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Marquette University Alumni Association

J. William and Mary Diederich College of Communication Award Recipients

Professional Achievement Award

John Steinmiller JOHN F. STEINMILLER, JOUR '70

You’d be hard-pressed to find somebody who has invested more of his time and talent in a sports organization than John, who has been with the Milwaukee Bucks for 45 years and is executive vice president of community affairs and social responsibility.

John, who in his role reinforces the team’s commitment to the region through the planning and implementation of team- and league-wide initiatives, served as the Bucks’ vice president of business operations for 34 years. He first joined the organization in 1970 while earning his Marquette degree and was named a full-time administrative assistant in January 1971. He was the team’s public relations director from 1972–77; the director of business operations from 1977–80; and the vice president of business operations from 1980–2013, when he was promoted to executive vice president.

“I want to exceed the expectations of our ownership, stakeholders and fans of what the Bucks can deliver in community collaborations and outreach to our neighborhoods and places of learning and living,” he says. “Marquette helped me shape my life so I can accomplish these goals. The faculty and administration with whom I interacted made me think clearer, see 360 degrees of situations, and learn compromise, perseverance and, most important, the responsibility to help others.”

Speaking of outreach, John is extremely active in Milwaukee. He serves on the executive boards of the Midwest Athletes Against Childhood Cancer Fund, Milwaukee Metropolitan YMCA and Milwaukee Urban Day School. He also is co-chair of the annual Milwaukee Bucks/Cystic Fibrosis Foundation golf tournament, an event that has raised more than $1 million during the past 23 years, and he has committed his time to several other youth-specific organizations. He served as chairman of Visit Milwaukee, the convention and visitors bureau marketing organization, for two years.

Long term, John plans to do what he can to build support for a new sports and entertainment center for downtown Milwaukee, which, he hopes, will “be a catalyst for a new environment that successfully brings tremendous economic, entertainment, and 365 days a year of energy to the region and state of Wisconsin.”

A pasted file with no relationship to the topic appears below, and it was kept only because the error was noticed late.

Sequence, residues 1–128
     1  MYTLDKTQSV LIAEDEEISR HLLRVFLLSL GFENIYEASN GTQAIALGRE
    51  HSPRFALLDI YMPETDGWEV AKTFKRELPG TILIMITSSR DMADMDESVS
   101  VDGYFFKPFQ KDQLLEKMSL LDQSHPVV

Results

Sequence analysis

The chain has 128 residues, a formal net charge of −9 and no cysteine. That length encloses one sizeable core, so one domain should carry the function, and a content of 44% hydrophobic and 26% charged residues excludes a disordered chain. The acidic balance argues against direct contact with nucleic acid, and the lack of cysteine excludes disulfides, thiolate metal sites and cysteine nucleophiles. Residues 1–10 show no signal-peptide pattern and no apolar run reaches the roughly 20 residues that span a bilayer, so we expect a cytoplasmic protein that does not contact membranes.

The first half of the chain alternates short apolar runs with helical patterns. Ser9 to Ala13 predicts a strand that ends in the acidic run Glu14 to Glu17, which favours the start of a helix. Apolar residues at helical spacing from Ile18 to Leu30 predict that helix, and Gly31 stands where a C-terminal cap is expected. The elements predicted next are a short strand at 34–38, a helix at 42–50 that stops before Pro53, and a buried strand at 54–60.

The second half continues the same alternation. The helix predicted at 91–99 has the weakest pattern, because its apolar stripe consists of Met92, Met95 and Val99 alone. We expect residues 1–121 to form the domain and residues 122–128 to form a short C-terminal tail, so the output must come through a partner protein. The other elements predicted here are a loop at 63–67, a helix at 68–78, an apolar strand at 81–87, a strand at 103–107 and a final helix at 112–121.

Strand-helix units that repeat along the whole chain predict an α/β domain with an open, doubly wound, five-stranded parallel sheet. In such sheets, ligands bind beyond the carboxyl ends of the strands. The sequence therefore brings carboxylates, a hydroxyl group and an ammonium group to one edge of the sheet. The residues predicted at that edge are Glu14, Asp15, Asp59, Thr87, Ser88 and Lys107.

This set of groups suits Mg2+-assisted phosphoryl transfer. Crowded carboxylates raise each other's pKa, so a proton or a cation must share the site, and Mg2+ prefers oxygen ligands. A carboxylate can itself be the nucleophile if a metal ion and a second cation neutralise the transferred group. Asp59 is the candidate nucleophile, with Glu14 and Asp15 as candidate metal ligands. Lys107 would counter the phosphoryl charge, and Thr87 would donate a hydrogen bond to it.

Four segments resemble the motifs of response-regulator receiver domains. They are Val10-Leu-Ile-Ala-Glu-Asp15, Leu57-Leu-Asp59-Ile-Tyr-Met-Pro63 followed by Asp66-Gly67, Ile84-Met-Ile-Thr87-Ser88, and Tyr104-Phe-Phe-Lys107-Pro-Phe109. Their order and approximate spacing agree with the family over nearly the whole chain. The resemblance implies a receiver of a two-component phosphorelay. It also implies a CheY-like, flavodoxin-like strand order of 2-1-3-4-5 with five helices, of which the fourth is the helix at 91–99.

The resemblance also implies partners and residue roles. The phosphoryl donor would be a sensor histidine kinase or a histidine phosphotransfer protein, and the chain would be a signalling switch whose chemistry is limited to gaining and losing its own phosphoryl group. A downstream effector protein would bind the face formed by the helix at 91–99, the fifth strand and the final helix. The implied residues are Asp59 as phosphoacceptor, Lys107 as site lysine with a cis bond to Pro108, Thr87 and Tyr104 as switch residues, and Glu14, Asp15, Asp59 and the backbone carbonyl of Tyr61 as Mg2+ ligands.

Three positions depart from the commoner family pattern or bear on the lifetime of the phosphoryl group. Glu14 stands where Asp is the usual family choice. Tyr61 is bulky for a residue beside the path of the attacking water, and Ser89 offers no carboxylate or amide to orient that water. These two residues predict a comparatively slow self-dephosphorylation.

Fun Facts

Hometown: Mount Prospect, Ill.

Favorite book:The Lou Gehrig Story … the first “chapter” book I remember reading. It gave me an early idea of what athletes can mean to young people through their examples in living their lives.”

Dream dinner date: “Walter Cronkite was an individual I followed closely during his career. As a news junkie, I couldn’t ignore him, and his presence and reporting of so many important and world-changing events would make him a captivating dinner partner.”

Marquette faculty or staff who had an impact: “Involvement in student government provided me with experiences and relationships I will never forget. Dr. Edward Simmons, Rev. Mike Sheridan, Dr. Roy Kallenberger, Jim Scott, Frank Beck and Rev. John Raynor, S.J., were just a few individuals I interfaced with and learned greatly from. I was one of the 100,000 or more students who benefited from friendship with the late Rev. John Naus, S.J., probably the best ambassador the university will ever have, whether you were a student, parent, alumnus, faculty member or staff member. His unselfish sharing of time, wit and counsel is unmatched on any campus, past present or future. Faculty members Dr. Gene Burd and Dr. Jack Crowley provided real-world experiences in journalism and advertising courses.”

Favorite Marquette memory: “It is impossible to narrow it to one memory. There are simply too many of the highest quality that still play in my mind in HD clarity. Every day was memory-loaded, with high-quality content, from freshman year club football games to the tension and raw drama of the late ’60s and ’70s. The Al McGuire basketball era produced the best basketball memories any college campus could experience. The friends and acquaintances from throughout the United States who came to Marquette and with whom I shared experiences still exist in my head and heart.”

In grade school, what did I want to be when I grew up and why? “I wanted to be a Chicago Cubs player. I adored the late Ernie Banks of the Cubs. He was a class act who performed at high levels and never forgot it was the fans who matter most. I witnessed the best part of his career and shared his love of life and baseball and people, as well as the disappointment of never playing in the World Series. In seventh grade, I wrote the editor of The Sporting News, Mr. Spink, asking for advice: ‘Should I be a priest, a baseball player or a sportswriter?’ He wrote back that I should become a priest, which he suggested was far nobler than the other careers.” 

Marquette legacy: “I was the first of my family to attend Marquette. My father attended Loyola University, and the Jesuit presence at Marquette made my dad a believer. My son graduated from Marquette and shares my love of the school. I never miss an opportunity to recruit a student to Marquette. I truly believe in the institution and the people who make Marquette work, as well as the city experience that offers opportunities not available to most college students.”